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Friday, December 15, 2017

The End of the Record Shop?

by Alethea (writer), Los Angeles, November 06, 2006

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If you have driven anywhere by a Tower records recently, you’ve seen the huge yellow signs plastered everywhere declaring their going-out-of-business sale. That’s right. The whole Tower chain is closing down.

The Great American Group (a sort of business consulting company) won out Trans World Entertainment in an auction over Tower Records. Trans World anticipated trying to upkeep several stores nationwide, but lost to Great American by a bid increment of $5,000. Tower Records was eventually sold at $134.3 million.

So what does the future hold for Tower Records now? It appears to be liquidation. Stores nationwide are closing down and putting up their “for sale” signs. Out of curiosity, I entered in to my local Tower Records store to find it more crowded than I ever had before, a last rush of people to take advantage of the sales. However, looking around it seemed a much more solemn place than I had remembered it before. It just looked empty. It no longer brimmed with the cocky record store attitude it once had before. I bought several CDs and left, not sure if I was ready for one of the last records store chains to close, but not sure if I was going to miss it either.

What did Tower in? Some could say it’s the super cheap priced mega-stores that carry everything, from furniture to clothes to music. They don’t offer much in terms of variety but you can find mainstream CDs at super cheap imported prices. Others may say it was the age of the internet. There’s no room for record stores when there’s Ipods, MP3 players, internet radio stations, burning, ripping and borrowing music files. Even if there’s no album artwork, it sure beats paying 18.99 for a CD that you can’t listen to before you buy. Doesn’t it?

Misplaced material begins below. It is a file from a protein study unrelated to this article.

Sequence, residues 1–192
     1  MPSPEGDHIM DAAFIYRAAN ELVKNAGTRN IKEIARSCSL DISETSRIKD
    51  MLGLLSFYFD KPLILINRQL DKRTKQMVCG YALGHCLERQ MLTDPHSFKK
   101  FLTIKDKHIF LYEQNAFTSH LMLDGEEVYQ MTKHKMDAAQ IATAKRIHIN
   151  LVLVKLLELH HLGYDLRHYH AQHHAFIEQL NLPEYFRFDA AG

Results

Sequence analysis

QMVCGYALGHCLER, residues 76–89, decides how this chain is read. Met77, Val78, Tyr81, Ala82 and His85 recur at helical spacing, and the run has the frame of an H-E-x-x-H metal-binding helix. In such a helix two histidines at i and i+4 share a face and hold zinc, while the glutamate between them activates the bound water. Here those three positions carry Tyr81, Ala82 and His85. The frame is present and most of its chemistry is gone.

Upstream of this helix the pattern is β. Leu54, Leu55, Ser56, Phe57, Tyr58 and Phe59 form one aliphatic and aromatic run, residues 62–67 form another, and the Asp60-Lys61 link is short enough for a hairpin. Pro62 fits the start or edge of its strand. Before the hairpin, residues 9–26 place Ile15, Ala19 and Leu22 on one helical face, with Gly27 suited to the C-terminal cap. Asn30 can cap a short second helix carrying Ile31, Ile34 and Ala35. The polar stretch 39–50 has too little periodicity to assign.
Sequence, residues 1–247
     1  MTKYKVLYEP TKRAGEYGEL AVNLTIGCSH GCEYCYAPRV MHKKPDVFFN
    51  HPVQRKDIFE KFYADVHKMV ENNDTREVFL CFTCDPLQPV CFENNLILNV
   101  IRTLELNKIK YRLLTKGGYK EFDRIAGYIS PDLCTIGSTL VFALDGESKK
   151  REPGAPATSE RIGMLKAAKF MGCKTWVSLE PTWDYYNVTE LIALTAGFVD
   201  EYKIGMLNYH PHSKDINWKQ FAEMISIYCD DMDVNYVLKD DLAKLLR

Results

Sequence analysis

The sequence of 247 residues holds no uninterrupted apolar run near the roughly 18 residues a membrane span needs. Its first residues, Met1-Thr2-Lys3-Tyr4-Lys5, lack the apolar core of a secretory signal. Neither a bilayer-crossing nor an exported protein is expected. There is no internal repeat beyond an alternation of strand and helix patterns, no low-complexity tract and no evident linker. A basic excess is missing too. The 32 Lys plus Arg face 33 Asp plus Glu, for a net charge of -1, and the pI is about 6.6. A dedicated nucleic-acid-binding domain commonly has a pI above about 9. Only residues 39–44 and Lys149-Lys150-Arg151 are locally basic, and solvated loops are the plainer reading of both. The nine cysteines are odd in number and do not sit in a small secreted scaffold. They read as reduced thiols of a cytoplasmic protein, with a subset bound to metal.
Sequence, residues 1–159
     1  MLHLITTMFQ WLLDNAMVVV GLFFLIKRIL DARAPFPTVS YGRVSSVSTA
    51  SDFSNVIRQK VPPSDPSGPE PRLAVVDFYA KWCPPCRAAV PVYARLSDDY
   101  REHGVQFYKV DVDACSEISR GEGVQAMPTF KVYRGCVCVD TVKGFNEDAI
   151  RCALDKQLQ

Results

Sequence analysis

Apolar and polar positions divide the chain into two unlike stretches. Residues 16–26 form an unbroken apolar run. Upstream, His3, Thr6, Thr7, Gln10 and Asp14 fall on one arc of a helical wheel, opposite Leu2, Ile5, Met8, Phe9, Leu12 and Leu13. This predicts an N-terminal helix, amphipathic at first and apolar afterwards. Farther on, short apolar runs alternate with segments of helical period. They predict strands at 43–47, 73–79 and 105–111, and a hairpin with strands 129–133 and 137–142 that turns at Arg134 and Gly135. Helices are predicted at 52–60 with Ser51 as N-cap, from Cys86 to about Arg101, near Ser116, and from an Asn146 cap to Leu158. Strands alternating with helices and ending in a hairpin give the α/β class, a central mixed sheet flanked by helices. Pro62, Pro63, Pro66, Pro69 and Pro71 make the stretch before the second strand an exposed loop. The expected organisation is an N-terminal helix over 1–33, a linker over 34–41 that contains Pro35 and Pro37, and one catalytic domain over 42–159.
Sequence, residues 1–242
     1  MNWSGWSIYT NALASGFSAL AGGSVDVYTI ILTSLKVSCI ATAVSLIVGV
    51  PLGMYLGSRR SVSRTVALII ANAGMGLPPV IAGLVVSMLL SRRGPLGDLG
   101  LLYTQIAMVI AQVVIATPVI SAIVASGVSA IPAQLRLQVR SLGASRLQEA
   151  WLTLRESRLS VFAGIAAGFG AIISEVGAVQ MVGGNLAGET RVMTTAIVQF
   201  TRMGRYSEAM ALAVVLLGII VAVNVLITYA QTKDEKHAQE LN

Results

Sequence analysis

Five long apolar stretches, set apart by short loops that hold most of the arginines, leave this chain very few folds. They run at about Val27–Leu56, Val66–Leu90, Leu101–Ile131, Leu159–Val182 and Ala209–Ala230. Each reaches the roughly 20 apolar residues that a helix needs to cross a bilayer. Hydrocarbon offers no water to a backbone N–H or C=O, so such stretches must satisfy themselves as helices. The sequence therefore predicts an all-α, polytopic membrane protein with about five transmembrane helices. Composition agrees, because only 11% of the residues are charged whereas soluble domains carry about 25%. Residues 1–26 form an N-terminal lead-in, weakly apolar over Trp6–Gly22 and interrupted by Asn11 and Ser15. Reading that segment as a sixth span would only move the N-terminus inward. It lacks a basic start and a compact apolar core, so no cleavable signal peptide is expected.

Other stores, the Wherehouse and Sam Goody, have met similar fates to Tower Records. Will other stores like the Virgin Megastore or Amoeba also meet a similar end? Will record stores turn into the equivalent of old book stores carrying a variety of unwanted, technological outdated titles? The world may be ready to thrust out the old record stores in turn for their internet ease, but I don’t think they’ll find an online cultural equivalent to such a place by far.


About the Writer

Alethea is a writer for BrooWaha. For more information, visit the writer's website.
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